He left me.
I thanked the security guy - J. Felipe, I finally remembered to check his name badge - for his assistance when we made it to the lobby.
He left me.
I walked ever so slowly. Almost as if I was giving someone every chance to hold me back. To tell me he had made the biggest mistake in his life. But nothing happened.
He left me.
I just kept walking. Didn't even think I had a place in mind to go to until I realized I had already reached the only place that would welcome me, no questions asked.
Keagan answered the door on the third ring of the doorbell, took one look at my face, and her own face crumpled as well.
She knew I was in love with Dmitry.
It was the only thing I felt safe and proper for her to know. And now—-
The fact that I didn't even have to say a word, and Keagan...
"Oh, Tahey." Keagan pulled me inside. "He left you?"
Hearing those very words from someone else—-
It was just too much.
And my knees gave out without warning.
"I d-don't even know w-why."
I crashed down.
"He just l-left me."
"Even k-knowing w-what it would do to me."
"He still...left...m-me."A NEW DAY BEGAN. AND another. And another. Keagan fussed over me without asking a single question. It was why she was good at her job, and why people like Dmitry those who built Strakh Inc. preferred working with her.
And the words—-
He left me.
They were still there. No longer as vicious, but more a dull throbbing pain, like an old injury you'd just have to learn to live with for the rest of your life.
He left me.
I obsessed over them even though I knew it was wrong. Tried to make sense of the unexplainable. Tried to find the smallest clue - God, any clue would do at this point - just so I could understand why.
I just needed to know. So I could move on. And I was desperate. So desperate that I swallowed my pride and tried to call him...only to find out that Dmitry had already blocked my number.
When Keagan learned what he had done, she had erupted like a volcano and told me in no certain terms that I'd be a fool if I continued to love an asshole like him. And of course, she was right. But...
I just had to know why.
So I swallowed my pride again. Called Sasha this time, but this turned out to be a mistake.
I'm sorry, Ms. Baskerville. I'm so goddamn sorry. If I had known he'd hurt you this way, I would never have encouraged your feelings for him.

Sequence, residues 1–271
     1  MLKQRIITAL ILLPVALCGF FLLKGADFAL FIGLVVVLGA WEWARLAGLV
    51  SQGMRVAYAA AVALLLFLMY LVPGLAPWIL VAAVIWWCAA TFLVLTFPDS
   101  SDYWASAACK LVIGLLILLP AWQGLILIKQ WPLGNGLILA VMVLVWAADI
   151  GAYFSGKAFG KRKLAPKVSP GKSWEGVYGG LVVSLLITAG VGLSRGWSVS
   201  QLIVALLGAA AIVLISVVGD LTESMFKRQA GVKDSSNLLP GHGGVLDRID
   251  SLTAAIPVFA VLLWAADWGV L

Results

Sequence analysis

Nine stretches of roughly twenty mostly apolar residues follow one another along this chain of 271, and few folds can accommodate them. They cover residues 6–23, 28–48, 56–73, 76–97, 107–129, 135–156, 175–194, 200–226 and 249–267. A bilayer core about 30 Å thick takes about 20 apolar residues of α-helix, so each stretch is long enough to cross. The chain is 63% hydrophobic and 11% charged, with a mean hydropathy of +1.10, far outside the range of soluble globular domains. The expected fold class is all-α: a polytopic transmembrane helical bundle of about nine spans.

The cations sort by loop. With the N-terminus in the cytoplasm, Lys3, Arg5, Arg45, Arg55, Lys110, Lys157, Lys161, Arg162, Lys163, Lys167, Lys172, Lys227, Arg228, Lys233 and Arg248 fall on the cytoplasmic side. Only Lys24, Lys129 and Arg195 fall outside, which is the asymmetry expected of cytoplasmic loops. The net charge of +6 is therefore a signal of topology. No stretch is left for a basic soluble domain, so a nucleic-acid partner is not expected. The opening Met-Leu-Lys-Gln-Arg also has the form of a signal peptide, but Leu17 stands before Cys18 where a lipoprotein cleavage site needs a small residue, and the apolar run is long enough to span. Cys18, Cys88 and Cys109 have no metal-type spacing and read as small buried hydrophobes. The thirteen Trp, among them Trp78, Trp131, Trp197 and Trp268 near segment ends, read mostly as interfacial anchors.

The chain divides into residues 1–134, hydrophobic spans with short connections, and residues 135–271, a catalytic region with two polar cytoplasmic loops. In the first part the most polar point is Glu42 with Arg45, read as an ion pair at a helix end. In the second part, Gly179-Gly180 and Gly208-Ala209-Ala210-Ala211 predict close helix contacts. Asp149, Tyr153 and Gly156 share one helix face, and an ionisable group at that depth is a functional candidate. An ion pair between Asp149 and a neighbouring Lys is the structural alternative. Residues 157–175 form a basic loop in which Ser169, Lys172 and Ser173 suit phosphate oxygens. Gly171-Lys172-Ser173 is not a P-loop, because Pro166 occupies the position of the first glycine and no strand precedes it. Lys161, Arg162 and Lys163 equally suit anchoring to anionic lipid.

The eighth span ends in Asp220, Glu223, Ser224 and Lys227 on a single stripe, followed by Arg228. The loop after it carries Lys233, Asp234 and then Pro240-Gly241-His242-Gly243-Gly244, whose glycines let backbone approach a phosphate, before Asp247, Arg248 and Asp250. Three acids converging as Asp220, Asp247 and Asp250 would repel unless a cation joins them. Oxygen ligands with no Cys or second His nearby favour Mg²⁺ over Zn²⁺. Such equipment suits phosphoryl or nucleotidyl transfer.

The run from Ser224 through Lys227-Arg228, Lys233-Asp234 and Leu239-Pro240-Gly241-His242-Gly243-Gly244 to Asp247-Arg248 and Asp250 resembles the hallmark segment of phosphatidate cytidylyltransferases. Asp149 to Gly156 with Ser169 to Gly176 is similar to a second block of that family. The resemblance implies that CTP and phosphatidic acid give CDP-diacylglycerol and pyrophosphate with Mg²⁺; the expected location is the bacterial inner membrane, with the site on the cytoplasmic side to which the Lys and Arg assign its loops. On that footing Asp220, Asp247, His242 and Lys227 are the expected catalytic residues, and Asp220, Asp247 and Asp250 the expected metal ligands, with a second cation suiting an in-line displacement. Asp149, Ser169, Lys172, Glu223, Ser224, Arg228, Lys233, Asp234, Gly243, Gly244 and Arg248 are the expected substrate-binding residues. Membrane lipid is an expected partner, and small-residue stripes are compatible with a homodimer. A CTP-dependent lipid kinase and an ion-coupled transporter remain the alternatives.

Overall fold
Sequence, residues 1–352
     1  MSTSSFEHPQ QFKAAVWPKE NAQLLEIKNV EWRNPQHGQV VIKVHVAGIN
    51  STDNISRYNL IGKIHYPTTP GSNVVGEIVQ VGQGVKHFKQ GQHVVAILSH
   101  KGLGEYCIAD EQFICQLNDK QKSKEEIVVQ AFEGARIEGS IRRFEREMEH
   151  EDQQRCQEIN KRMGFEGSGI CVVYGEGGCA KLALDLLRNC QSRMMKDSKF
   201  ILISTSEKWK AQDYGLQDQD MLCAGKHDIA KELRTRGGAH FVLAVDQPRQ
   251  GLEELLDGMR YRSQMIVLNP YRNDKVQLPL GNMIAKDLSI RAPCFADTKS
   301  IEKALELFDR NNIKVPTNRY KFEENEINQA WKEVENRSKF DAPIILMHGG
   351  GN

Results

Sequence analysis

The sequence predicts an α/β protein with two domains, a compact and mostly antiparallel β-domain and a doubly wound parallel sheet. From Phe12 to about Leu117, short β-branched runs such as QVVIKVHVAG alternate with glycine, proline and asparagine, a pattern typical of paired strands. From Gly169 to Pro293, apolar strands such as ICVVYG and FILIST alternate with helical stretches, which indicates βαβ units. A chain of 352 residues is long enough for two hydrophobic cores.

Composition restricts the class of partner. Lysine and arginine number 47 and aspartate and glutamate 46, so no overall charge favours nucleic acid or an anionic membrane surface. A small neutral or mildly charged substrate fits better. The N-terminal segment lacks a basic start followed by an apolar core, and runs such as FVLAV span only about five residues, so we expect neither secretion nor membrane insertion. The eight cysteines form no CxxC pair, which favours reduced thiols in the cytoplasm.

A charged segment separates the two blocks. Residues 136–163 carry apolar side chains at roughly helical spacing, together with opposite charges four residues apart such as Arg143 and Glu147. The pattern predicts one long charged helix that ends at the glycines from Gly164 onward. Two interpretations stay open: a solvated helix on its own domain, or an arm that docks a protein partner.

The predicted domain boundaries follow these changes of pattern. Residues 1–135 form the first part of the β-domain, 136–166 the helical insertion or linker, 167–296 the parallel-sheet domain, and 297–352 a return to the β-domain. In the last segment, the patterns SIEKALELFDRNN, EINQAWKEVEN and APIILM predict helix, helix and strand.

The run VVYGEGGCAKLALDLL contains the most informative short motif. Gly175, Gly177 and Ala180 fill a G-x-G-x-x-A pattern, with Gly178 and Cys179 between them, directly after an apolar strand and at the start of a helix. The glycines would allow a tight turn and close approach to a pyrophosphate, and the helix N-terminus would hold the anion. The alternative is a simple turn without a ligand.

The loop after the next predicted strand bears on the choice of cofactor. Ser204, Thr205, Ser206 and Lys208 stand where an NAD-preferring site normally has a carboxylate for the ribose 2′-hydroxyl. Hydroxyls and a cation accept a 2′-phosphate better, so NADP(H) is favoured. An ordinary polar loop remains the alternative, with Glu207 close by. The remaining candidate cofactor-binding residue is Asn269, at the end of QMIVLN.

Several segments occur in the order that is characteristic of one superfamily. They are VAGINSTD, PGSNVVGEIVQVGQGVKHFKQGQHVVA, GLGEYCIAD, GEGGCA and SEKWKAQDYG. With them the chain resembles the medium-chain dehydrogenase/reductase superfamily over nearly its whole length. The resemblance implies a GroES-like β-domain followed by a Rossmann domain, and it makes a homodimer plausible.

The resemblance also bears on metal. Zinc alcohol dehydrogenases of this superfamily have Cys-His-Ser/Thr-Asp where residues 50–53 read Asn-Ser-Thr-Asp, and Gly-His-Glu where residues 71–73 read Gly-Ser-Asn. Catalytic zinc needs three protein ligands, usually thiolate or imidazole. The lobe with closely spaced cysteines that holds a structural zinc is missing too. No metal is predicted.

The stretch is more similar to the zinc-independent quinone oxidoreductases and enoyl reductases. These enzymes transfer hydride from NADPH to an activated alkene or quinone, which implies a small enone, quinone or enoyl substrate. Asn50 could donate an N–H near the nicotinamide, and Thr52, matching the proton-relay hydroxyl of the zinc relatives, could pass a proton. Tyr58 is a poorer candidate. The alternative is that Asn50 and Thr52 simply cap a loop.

Then tell me why, I begged him.
But on this, Sasha remained tight-lipped. I'm sorry. It's all I can say. It's all I have the right to say. I'm sorry, and I hope for your sake that you'll eventually be able to forget him and move on.
His words, God...his words made it so clear that he had never been in love.
Because if he had ever been in love, he would know.
I would never be able to forget Dmitry.
I could learn to stop loving him. I could learn to start hating him.
But to forget him?
Because that was just how love was, when it was at its most precious.
And it was this very love as well that made me unable to refuse a call when Keagan told me the next day that Thomas was on the phone, wanting to talk to me.
I didn't get a word in edgewise after this.
"Oh thank God."
Thomas started weeping then, and I couldn't help remembering the last time I heard him cry like this. It was when my mom died, and the memory made me forget my own pain.
"Daddy." It had been years since I last called him this. "What's wrong?"
"He told me he killed you," Thomas said hoarsely. "I didn't want to believe him, but the things he knew about you..." A choked sound escaped him.
"Who told you—-"
"Dmitry. Dmitry Adrianov."
And I felt my world start to crumble.
If this continued, Dmitry would soon overtake my dad's record, and he'd win first place for the number of times he made my life hell.
"H-How do you know him?"
Thomas let out a hollow laugh. "Shouldn't I be the one asking you that?"
"Just tell me." My voice shook. "Please."
"His sister," Thomas said tiredly.
"That's her real name, but the men I do business with...they listed her name as something else. Told me she used to be the woman of some arms dealer but was let loose when she double-crossed her lover."
"And of course," I said dully, "you didn't bother to check if their story was true." He never did. It was why Thomas kept insisting he hadn't done anything wrong. He had paid in good faith. Purchased lives of people who had hurt other people.
His journals said otherwise. In them, his own truth came out to damn him. He had written frequently of how some of the subjects passed on to his "care" didn't seem to match the profiles he was provided. But in the end, he had chosen to be blind, deaf, and dumb to all the clues around him. And because of that—-